FY1989 107.7 321.7 431.9a 2,137 749 2,886
FY1990 118.1 341.8 460.7a 2,346 837 3,183
FY1991 127.9 335.9 483.1a 2,553 788 3,341
FY1992 127.9 371.2 508.4a 2,559 916 3,475
FY1993 154.0 490.7 698.0a 2,898 1,141 4,039
FY1994 220.4 473.6 717.6 a 3,102 928 4,030
FY1995 232.1 601.9 834.1a 3,085 1,263 4,348
FY1996 228.9 645.8 916.3 a 2,841 1,191 4,032
FY1997 277.6 789.1 1 ,106.7 a 3,371 1,404 4,775
FY1998 262.3 804.4 1 ,066.7 3 ,022 1,320 4,342
FY1999 299.5 797.0 1 ,096.5 3 ,334 1,256 4,590
FY2000 302.0 888.2 b 1,190.2 3 ,166 1,330 4,496
FY2001 317.1 977.3 1 ,294.4 3 ,215 1,533 4,748
FY2002 411.5 1 ,023.4 b 1,434.9 4 ,243 1,577 5,820
FY2003 445.4 1 ,214.7 1 ,660.1 4 ,465 1,759 6,224
FY2004 498.7 1 ,368.7 1 ,867.4 4 ,638 2,013 6651
FY2005 461.2 1 ,404.7 1 ,865.9 4 ,300 1,871 6171
(preliminary) 411.2 1 ,472.0 1 ,883.2 3 ,836 2,026 5,862
Source: Small Business Administration Data.
a. Includes modifications to previous awards and funds set aside for proposals in negotiation.
b. Dollars obligated can include modifications to previous year’s awards

Table 2. STTR Program: Dollars Awarded and Projects Funded
FiscalDollars Awarded (millions)Awards
YearPhase IPhase IITotalPhase IPhase IITotal
FY199418.9 18.9198 198
FY1995 23 10.7 33.7 238 22 260
FY1996 22.7 41.8 64.5 238 88 326
FY1997 24.2 44.9 69.1 260 89 349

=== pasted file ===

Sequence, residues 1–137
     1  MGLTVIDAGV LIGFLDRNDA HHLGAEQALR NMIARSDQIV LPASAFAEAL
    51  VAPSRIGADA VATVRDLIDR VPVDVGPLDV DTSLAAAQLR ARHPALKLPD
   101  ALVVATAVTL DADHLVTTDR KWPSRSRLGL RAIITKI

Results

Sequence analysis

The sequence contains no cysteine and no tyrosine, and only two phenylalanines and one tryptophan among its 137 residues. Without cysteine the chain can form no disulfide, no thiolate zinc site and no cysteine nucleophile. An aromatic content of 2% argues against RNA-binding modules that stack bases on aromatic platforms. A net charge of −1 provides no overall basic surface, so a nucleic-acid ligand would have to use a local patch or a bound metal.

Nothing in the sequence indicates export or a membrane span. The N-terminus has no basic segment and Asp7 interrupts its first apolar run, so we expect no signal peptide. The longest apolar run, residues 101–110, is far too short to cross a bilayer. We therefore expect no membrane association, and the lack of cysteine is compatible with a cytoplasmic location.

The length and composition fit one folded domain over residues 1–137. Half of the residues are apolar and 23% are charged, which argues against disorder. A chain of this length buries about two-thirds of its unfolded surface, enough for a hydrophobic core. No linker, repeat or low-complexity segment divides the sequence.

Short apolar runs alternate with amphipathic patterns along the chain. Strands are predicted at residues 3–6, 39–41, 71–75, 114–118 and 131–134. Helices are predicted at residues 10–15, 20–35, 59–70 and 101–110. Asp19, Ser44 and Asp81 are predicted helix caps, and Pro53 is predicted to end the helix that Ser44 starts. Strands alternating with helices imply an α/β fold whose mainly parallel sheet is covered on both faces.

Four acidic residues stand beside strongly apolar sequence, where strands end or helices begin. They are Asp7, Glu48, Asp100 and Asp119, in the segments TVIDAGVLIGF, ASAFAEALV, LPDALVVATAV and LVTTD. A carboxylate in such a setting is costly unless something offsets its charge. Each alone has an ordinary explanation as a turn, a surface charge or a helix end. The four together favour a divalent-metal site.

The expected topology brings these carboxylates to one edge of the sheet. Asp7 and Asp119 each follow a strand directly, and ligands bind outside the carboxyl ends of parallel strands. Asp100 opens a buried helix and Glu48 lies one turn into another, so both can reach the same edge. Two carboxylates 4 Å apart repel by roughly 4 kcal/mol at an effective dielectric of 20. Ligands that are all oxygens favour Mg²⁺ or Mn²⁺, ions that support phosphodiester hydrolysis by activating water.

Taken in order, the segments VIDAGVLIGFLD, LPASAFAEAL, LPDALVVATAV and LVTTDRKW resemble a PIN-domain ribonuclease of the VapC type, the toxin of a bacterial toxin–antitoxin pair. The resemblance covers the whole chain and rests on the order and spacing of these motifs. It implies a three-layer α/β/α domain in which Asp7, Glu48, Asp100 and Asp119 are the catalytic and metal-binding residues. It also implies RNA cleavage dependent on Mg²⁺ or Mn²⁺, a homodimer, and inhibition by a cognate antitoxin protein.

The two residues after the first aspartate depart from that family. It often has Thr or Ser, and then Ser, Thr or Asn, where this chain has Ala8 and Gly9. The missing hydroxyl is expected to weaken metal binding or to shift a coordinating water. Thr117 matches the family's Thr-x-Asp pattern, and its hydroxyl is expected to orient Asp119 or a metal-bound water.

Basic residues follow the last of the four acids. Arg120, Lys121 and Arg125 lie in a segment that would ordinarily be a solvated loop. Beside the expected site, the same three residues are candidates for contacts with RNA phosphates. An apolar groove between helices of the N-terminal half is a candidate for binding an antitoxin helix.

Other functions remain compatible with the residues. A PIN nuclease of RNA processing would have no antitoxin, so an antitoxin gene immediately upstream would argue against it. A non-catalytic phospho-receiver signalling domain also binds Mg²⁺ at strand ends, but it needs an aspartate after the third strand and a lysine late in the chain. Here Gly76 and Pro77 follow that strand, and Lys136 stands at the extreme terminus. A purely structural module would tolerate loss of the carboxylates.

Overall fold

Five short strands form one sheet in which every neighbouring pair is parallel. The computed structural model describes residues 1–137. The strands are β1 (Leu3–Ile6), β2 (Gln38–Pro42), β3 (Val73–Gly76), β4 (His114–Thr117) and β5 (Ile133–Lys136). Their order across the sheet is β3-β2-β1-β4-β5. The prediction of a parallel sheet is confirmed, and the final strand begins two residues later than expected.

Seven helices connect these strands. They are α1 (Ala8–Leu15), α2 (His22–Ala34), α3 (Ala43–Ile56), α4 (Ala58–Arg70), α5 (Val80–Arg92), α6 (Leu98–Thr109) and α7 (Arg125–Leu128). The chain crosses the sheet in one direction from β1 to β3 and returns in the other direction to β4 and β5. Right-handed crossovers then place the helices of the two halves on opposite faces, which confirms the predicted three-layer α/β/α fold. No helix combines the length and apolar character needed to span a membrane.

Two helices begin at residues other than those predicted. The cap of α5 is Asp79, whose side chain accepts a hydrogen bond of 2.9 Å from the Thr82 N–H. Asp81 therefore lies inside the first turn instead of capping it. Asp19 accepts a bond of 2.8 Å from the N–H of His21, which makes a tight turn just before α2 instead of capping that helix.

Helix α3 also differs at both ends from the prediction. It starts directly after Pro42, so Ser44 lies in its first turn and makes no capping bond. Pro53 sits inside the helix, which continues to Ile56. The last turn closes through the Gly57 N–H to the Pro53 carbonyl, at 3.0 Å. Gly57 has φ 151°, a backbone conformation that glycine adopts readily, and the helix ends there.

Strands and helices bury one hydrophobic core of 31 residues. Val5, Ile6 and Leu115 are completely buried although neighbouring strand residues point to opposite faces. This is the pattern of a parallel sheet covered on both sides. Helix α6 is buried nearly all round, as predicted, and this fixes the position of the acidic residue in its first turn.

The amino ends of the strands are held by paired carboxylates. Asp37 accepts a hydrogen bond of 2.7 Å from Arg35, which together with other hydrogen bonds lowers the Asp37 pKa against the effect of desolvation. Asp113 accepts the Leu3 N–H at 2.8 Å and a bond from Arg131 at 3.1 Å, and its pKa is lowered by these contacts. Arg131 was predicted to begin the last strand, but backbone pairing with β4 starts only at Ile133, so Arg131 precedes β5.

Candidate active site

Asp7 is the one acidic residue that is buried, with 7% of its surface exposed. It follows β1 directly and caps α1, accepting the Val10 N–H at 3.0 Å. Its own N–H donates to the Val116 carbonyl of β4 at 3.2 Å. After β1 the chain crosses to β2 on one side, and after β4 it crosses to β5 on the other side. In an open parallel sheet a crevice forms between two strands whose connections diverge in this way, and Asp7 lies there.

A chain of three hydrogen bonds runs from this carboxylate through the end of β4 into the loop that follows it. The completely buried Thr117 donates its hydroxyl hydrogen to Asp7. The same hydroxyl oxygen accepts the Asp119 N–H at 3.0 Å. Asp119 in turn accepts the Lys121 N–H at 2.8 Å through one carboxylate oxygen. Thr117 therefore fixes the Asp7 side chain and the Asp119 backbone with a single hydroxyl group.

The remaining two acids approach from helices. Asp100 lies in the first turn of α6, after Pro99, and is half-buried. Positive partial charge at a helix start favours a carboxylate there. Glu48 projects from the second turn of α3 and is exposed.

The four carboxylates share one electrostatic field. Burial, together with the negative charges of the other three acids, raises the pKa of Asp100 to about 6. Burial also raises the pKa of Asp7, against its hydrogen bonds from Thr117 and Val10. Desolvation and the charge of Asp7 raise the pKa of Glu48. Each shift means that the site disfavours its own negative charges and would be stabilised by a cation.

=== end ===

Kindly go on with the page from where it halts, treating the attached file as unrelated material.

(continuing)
FY1998 19.7 45.1 64.8 208 109 317
FY1999 24.3 40.6 64.9 251 78 329
FY2000 23.9 45.9 69.8 233 95 328
FY2001 24.2 53.2 77.4 224 113 337
FY2002 36.4 55.4 91.8 356 114 470
FY2003 41.1 50.7 91.8 397 111 508
FY2004 79.7 110.3 190 674 195 869
FY2005 73.9 146.4 220.3 611 221 832
(preliminary) 74.0 152.3 226.3 644 234 878
Source: Small Business Administration data.
Issues for Consideration
Certain issues might be considered if the program is to be reauthorized. Initially,
debate centered on the use of a set-aside: proponents urged its use to guarantee
participation of small firms in federal R&D contracts while opponents argued that a set-
aside interferes with normal market efficiency and circumvents the congressional budget
process used to determine program priorities and budget allotments.
Existing regulations require at least 51% ownership by an individual or individuals.
However, some experts argue participation by small firms that are majority-owned by
venture capital companies should be permitted. Proponents of this change maintain that,
particularly in the biotechnology sector, the most innovative companies are not able to use
the SBIR program because they do not meet this ownership criteria. Opponents of
altering the eligibility requirements argue that the program is designed to provide financial
assistance where venture capital is not available. They assert that the program’s objective
is to bring new concepts to the point where private sector investment is feasible.
An additional concern is the extent to which program participants are mandated to
report activities and results. P.L. 106-554 placed added requirements on companies to
provide information; it remains to be determined if these requirements have been
successfully implemented. Other issues that might be addressed include whether the
problems identified by GAO associated with the duplication of awards has been
adequately resolved. Are the SBIR and STTR programs meeting their different mandated
objectives or are they serving an identical purpose? Does the focus on commercialization
raise concerns by those who argue that the government has no role in directly supporting
industrial research and development? These and other questions may be explored as theth
110 Congress considers possible reauthorization of the Small Business Innovation
Research program.